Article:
Former Mayor Harold Washington first proposed creating the park to honor DuSable in 1987.

After hearing from people concerned that renaming the inner and outer portions of Lake Shore Drive would create a costly bureaucratic nightmare, Moore said he agreed to revise his proposal to only rename the outer portion of Lake Shore Drive. That would only affect three or four Chicago harbors, he said.

“I know how to compromise,” Moore said.

The limited impact of the revised proposal on people's homes and businesses means that opposition is not rooted in fiscal concerns, said Ald. Sophia King (4th Ward), one of nine co-sponsors of Moore’s effort.

"When you really peel it apart, it comes from a place of fear, of ignorance, of racism," King said.

(docaz / Pixabay) (docaz / Pixabay)

In addition to the harbors, the change could also affect Lake Point Towers, Biagi said, and would force the city to clearly define where the outer portion of Lake Shore Drive starts and stops.

If the name of the entire Lake Shore Drive was changed, it would impact 12,000 residences in 100 buildings, including all of the Museum Campus, Biagi said.

However, Ald. Ed Burke (14th Ward) said he would need more information about the impact on Chicagoans before he could support a change that he called “troubling.” Burke warned that thousands of Chicagoans would have to update drivers’ licenses and insurance policies.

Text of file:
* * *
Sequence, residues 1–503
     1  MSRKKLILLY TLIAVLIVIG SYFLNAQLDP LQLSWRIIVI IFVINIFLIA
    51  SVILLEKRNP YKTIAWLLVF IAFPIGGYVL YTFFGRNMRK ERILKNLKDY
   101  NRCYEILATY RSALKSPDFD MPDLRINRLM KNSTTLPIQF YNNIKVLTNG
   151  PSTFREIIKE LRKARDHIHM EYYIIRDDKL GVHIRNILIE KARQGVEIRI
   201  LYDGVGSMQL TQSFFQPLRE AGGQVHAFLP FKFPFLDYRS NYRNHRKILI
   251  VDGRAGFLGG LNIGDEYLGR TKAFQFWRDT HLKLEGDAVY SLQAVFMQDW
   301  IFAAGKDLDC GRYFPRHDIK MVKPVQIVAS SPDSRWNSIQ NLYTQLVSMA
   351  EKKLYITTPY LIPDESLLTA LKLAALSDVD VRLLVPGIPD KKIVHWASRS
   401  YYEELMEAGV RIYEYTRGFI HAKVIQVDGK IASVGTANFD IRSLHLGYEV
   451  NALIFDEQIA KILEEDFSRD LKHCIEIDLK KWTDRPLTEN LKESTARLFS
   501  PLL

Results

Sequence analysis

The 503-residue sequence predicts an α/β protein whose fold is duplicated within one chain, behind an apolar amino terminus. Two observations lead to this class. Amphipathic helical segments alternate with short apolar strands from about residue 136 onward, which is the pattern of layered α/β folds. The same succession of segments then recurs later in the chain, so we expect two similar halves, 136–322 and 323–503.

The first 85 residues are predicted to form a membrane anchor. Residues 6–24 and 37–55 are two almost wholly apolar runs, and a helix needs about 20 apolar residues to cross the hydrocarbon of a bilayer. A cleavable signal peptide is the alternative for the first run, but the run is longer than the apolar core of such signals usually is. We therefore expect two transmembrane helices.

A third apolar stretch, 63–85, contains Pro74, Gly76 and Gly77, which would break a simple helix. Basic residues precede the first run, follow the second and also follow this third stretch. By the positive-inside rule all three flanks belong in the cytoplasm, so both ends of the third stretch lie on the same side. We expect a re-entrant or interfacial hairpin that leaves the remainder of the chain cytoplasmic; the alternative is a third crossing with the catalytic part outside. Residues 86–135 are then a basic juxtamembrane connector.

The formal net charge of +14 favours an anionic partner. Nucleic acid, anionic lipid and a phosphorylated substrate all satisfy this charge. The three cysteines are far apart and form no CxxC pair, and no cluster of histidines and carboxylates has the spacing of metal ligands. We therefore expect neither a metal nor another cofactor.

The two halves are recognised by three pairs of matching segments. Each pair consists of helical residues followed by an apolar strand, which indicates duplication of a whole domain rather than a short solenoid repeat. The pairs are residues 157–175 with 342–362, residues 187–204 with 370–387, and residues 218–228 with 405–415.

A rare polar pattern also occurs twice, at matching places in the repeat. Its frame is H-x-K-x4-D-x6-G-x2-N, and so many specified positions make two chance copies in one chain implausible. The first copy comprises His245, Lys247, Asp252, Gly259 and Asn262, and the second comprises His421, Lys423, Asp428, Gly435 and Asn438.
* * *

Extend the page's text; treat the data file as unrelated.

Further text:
That would be “unprecedented,” said Burke, who was indicted in June 2019 on 14 counts of corruption and is awaiting trial. Burke, who has pleaded not guilty, led a group of white aldermen who opposed Washington, the city’s first Black mayor, at every turn during the 1980s.

Moore was incensed by Burke’s comments, and accused him of playing politics.

“This is some bs to start out this thing with fearmongering, because that part was taken off the table and shouldn’t even be brought up in this discussion,” Moore said. 

Street renamings have long been controversial in Chicago.

King and Ald. Brendan Reilly (42nd Ward) led the push to rename Balbo Drive — named after a member of the Italian fascist movement during World War II — for civil rights icon and investigative journalist Ida B. Wells in 2018, only to face concerted pushback from Italian American groups.

Instead, they agreed to drop that proposal and rename Congress Parkway Ida B. Wells Drive.

In 2013, former Mayor Rahm Emanuel dropped an effort to rename Stony Island Avenue after civil rights leader Bishop Arthur Brazier, who led the Apostolic Church of God. But business owners and aldermen objected, and Emanuel scuttled the plan.

A commission formed by Lightfoot in August after protests forced her to remove the city’s statues of Christopher Columbus has yet to complete its work assessing memorials, monuments and other art across Chicago as part of a “racial healing and historical reckoning project” designed to “develop a framework for marking public space that elevates new ways to memorialize Chicago’s true and complete history.”

Contact Heather Cherone: @HeatherCherone | (773) 569-1863 | [email protected]

Note: This story was originally published Dec. 11, 2020. It has been updated to include our “Chicago Tonight” conversation with Alds. David Moore and Brian Hopkins.